This is an assignment that has been hanging around since September, and I've had duck legs in the freezer waiting to be used for a while. The recipe is from Lidia's Italy (a book I don't have), by Lidia Bastianich, and comes from Maremma, in the southwest of Tuscany on the Tyrrhenian Sea. Duck legs (or a whole duck) are braised, the meat shredded, and added back to the sauce to top homemade pappardelle or other pasta.
You start the sauce by soaking some dried porcini (cèpes) in hot poultry or vegetable stock. I used the rest of my Thanksgiving turkey stock for this.
The recipe calls for 4 pounds of duck legs (5-6) or a whole duck. My four legs weighed in at 1.3 kilos, just short of 3 pounds. This amount of meat made a goodly amount of sauce, serving 4 as a main course and 6 (or even 8?) if the pasta were served as part of a proper Italian meal. If you have more duck, though, I wonder how big your skillet must be to cook them? My 4 legs fit comfortably in my largest skillet. Maybe a fifth one could have been jiggled into there, but that would make the "tumbling" pretty awkward.
While the legs are browning, make a pestata in your food processor by whizzing onion, celery, garlic, sage, parsley, and rosemary. (I was a bit surprised that there was no carrot included in this, since that seems to be very typical of Italian sauces.) Italian parsley was asked, but I forgot to buy this, so used the curly kind instead. Rosemary and sage from the garden.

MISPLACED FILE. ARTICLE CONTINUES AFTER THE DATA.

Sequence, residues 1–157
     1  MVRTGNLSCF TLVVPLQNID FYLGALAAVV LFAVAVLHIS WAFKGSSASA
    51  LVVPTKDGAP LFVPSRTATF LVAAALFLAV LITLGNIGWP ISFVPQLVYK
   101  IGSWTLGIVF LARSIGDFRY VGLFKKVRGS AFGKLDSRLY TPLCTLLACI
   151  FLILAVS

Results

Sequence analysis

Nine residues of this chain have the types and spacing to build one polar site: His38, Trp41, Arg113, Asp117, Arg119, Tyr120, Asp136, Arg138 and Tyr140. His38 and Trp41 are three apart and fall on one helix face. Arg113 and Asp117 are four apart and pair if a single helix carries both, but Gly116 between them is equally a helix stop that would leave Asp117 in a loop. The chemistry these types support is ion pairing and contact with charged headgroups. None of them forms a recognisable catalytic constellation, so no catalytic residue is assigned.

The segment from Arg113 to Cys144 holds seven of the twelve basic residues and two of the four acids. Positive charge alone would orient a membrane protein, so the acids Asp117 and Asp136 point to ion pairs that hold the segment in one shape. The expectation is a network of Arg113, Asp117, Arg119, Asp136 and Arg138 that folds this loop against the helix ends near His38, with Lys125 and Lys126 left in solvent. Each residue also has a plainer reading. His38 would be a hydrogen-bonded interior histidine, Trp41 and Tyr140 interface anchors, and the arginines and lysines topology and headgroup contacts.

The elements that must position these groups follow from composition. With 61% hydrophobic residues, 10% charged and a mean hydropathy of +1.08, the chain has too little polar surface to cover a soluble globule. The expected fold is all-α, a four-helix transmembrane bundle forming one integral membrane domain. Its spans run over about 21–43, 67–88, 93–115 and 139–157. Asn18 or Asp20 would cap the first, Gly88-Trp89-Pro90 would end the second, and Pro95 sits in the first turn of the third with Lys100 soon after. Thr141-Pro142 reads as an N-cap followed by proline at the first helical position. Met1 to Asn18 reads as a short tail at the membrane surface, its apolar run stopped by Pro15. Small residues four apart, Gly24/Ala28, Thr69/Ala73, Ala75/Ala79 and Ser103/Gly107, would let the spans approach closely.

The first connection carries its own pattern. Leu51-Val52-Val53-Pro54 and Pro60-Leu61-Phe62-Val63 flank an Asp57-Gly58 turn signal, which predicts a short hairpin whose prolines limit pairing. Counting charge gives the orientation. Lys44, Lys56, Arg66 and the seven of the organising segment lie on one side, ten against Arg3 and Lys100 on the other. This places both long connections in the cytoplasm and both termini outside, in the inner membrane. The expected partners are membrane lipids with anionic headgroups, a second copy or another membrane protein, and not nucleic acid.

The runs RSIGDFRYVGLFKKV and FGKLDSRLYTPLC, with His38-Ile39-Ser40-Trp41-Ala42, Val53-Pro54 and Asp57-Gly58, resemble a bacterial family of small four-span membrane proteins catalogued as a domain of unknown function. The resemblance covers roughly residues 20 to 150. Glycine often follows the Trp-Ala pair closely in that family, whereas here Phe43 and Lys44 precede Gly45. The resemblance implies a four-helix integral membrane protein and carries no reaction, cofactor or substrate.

When the legs are browned on both sides, you set them aside and reduce the fat in the pan to only 4 tablespoons (olive oil or duck fat or a combination). Warm this again, add the pestata, and cook till it's dry. Then put the legs back in the pan and "tumble". Add the soaked porcini and tumble some more. Then add white wine and continue tumbling. When the wine is gone, add the mushroom soaking liquid, heat to a boil, put the lid on ajar, turn the heat down, and let it simmer for at least an hour and a half. Check every 20 minutes or so and add additional stock when the liquid gets a bit low.
The house smells really good while this is simmering away. When the meat is done, I removed the legs and poured the sauce into another container where the fat could rise and be easily removed. Meanwhile, I shredded the meat back into the skillet, a messy, but fun job.
Add the defatted sauce back to the skillet and simmer for a while, while cooking the pasta. After a busy day, I didn't feel like making pasta from scratch, so I boiled up some store-bought tagliatelle. When it was drained, I put it back in its pot and tossed it with half the duck sauce.
Very toothsome, indeed, said Ed. We ate only half the sauce tonight; the rest went in the fridge for another night, probably accompanied by homemade tagliatelle. (I don't much like pappardelle anymore; it always seems too unwieldy, and the plate always looks too composed.)
This is a yummy sauce, but I wouldn't want to make this for company on the day I'm serving it. It keeps you busy in the kitchen for quite a while and there seemed to be a lot to clean up. (I also had a pot of stock simmering away, but that's just one pot and a quick clean-up.) But I think the sauce will only improve by keeping a day or two in the fridge.